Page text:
pass on to your students.
1. Refuse to give people the power to get you angry. Anger is the main reason we become
victims of bullying. It feels like others make us angry, but we really do it to ourselves. We get
angry because we want people to stop abusing us, but it makes them continue.
2. Give people freedom of speech. When you try to stop people from saying nasty things to you,
they continue. When you permit them, they stop. Even when they are insulting or cursing
you, respond as if they are trying to tell you something valuable.
3. Don’t be afraid. We fear enemies. Plus, fear gives people power over us, so they will continue
doing what scares us. But if we treat them like friends, we don’t need to fear them because
they won’t want to hurt us.
4. Don’t defend yourself. We defend ourselves from enemies, and we lose because the
defensive position is the weaker one, so they will continue attacking.
5. Don’t attack. Even if people attack you first, don’t retaliate. Then they’ll probably stop
attacking you. But if you retaliate, they now feel justified retaliating against you.
6. If people hurt you, let them know you are hurt, but don’t get angry. You want people to feel
bad when they hurt you. But if you get angry with them, they will get angry back. If you just
let them know how they hurt you, they will probably feel bad and apologize. If people are
mad at you, realize that it is because they feel you hurt them. So ask them how you hurt
them, and if appropriate, apologize.
7. Don’t tell on people. Getting people in trouble is one of the meanest things you can do. If you
are having a problem with people, they will like and respect you more if you talk to them
directly. Only tell when it’s an emergency or because you want to be taught how to handle
the problem on your own.
Yes! Many websites
share videos of
students standing up
Show all students parts of
everyday shows that they may
watch were bullying takes place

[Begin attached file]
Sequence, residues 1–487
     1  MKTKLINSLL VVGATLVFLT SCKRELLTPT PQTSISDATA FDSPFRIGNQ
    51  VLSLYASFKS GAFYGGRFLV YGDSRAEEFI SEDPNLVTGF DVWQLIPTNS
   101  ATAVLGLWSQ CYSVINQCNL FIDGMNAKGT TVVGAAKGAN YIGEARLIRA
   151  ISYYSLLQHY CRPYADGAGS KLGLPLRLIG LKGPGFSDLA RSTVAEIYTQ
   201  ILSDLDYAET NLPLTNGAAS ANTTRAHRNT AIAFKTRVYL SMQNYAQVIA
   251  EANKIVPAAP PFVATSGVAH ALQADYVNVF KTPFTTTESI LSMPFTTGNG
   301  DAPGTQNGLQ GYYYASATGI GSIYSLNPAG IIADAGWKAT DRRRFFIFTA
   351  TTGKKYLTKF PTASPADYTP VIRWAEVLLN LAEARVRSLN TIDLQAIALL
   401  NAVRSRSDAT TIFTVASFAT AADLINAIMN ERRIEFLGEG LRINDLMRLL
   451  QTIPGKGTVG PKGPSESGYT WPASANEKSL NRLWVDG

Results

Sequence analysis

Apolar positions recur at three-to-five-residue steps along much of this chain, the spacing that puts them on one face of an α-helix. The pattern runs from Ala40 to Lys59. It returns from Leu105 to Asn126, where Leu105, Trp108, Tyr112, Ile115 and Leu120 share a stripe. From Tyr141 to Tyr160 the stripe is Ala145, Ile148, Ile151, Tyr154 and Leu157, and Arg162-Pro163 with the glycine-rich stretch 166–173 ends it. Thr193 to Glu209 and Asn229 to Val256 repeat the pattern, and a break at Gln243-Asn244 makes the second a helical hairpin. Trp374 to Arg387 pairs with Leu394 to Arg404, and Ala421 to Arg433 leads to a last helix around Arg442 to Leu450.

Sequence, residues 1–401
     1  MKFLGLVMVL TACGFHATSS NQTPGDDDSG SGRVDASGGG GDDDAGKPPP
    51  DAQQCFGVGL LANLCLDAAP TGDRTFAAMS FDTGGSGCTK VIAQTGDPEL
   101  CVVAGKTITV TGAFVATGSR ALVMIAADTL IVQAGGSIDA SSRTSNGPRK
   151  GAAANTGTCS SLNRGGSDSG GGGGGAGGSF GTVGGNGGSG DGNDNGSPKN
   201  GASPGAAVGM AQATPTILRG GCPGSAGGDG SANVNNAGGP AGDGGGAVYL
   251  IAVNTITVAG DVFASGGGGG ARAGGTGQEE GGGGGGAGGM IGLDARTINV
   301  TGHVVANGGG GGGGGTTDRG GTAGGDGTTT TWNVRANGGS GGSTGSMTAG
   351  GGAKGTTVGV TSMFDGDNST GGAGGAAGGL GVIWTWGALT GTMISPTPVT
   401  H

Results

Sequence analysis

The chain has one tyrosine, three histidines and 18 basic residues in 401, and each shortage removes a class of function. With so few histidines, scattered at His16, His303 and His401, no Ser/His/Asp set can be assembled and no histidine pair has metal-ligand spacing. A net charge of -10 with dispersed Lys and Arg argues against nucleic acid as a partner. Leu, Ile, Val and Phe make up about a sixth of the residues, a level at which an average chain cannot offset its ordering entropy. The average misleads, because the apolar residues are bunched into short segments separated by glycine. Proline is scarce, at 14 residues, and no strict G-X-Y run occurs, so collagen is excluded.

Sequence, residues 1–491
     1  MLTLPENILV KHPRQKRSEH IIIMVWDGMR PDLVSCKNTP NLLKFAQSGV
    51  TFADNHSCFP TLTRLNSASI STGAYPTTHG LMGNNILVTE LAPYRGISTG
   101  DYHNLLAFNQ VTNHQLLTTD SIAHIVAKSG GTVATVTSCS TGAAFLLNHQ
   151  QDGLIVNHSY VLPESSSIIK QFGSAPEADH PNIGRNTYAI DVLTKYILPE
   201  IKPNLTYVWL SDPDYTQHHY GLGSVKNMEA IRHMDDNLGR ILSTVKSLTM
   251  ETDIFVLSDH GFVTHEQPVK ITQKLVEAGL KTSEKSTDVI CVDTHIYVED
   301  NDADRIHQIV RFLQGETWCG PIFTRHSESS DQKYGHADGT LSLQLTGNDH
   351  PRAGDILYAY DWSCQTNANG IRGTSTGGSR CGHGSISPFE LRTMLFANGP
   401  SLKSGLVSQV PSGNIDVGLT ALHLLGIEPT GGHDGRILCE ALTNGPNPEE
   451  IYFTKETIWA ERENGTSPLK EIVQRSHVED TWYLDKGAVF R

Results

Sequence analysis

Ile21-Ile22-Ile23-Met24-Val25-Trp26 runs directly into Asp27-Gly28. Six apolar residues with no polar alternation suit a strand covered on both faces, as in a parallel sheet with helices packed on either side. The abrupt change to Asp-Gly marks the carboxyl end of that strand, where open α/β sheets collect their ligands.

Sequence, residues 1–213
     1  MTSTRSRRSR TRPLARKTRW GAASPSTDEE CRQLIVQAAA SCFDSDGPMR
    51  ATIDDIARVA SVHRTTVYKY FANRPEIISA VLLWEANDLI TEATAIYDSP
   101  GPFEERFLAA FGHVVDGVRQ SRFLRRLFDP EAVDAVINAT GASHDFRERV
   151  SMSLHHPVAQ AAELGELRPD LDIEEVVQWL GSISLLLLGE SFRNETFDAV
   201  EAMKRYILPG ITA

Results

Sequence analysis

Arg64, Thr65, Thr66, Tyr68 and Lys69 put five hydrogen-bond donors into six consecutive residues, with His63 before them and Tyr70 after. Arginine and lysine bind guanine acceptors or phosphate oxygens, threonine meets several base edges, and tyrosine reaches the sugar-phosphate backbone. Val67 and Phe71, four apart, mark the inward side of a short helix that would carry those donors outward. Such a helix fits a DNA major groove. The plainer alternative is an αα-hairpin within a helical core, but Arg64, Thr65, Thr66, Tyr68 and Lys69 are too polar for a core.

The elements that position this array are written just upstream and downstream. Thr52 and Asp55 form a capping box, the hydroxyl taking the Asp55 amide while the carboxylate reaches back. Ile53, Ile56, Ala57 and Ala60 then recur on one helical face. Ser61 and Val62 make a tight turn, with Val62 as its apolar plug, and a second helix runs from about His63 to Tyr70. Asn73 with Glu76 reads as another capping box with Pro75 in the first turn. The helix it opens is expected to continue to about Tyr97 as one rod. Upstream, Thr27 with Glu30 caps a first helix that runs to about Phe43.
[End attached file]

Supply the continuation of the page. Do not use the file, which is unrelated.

and discuss it, or use Meetups
where students can see all
Use Facebook to start a
“Not in Our School”
Make all students aware
of “Cyberbully Hotline.”
Have students make
movies on how they would
want to be treated at
Use school’s website to
help circulate support
materials and websites
that inform parents about
bullying and attach
website’s for students
What are some activities that can be done
with students to spread awareness
What does bullying feel like? Look
like? Sound like? Discuss in small
groups and share responses with
Activity 1: The Senses of Bullying
Draw (or obtain) a rough map of the school
and school grounds. Have students indicate
any spots where they feel unsafe. Is there
something that could be done to create a
safer environment? Who could help?
Activity 2: Hot Spots
Distribute to each student a stereotype card that has a message on it.
Students should hold their card on their forehead without looking at
it. Students interact treating each other according to the stereotype.
After five minutes, ask students to group themselves with those they
think they would hang out with. In these groups, students guess their
stereotyped character and then look at their cards. Students then
discuss how they felt about the way they were being treated.
SAMPLE CARDS: Bully – be afraid; Loner – ignore me; Popular – try to
be my friend; Loser – make fun of me; Rich – agree with me; Funny –
laugh with me; Different – laugh at me; Good looking – flirt with me;
Really nice – be my friend; etc.
Activity 3: Stereotypes
a) Trace a life-size outline of a person on paper and introduce
the students to their new “classmate.” Explain that new students
often have a difficult time fitting in.
b) Invite the students, one at a time, to say something mean to
their new classmate. Each time a mean thing is said, tear off a
piece of the paper classmate and hand it to the person who
made the comment (make sure you rip large chunks).
c) After everyone has had a chance to say something mean,
they must apologize. As they apologize, they must tape their
piece back in its proper place. When they are finished, discuss
how the student will never be quite the same even though they
apologized. They hurt their classmate’s feelings and the scars
Activity 4: “The New Student”
What would a bully-free school look
like? Feel like? Sound like? In pairs,
create a poster showing some of the
images and ideas discussed.
Activity 5: A Bully-Free School
Safe Teen: A Life Skills and Violence Prevention Program
by Anita Roberts
Offers an in depth look at issues and skills such as:
•How to access inner strength and form healthy relationships.
•The importance of building and respecting boundaries.
•How to deal with bullying and sexual harassment.
•The importance of embracing differences and understanding the
roots of racism, sexism, and homophobia.
What are some examples of programs addressing
the prevention of teen violence that have been
implemented in schools?
Personal and Social Responsibility and Mastering Anger
A two-part curriculum series for middle and high school students
These courses address the following:
• Identifying the consequences before taking action
• Recognizing the impact of the student’s actions on others
• Getting what the student wants in ways that maintain dignity
and respect for himself and others
• Mastering anger, not surrendering to it
• Resolving conflicts peacefully